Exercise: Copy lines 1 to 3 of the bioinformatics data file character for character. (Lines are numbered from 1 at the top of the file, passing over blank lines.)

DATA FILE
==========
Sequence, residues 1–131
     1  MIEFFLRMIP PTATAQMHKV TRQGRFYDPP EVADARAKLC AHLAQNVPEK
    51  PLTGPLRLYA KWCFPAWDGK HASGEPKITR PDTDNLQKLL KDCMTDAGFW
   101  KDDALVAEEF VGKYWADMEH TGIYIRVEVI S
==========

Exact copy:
Sequence, residues 1–131
     1  MIEFFLRMIP PTATAQMHKV TRQGRFYDPP EVADARAKLC AHLAQNVPEK
    51  PLTGPLRLYA KWCFPAWDGK HASGEPKITR PDTDNLQKLL KDCMTDAGFW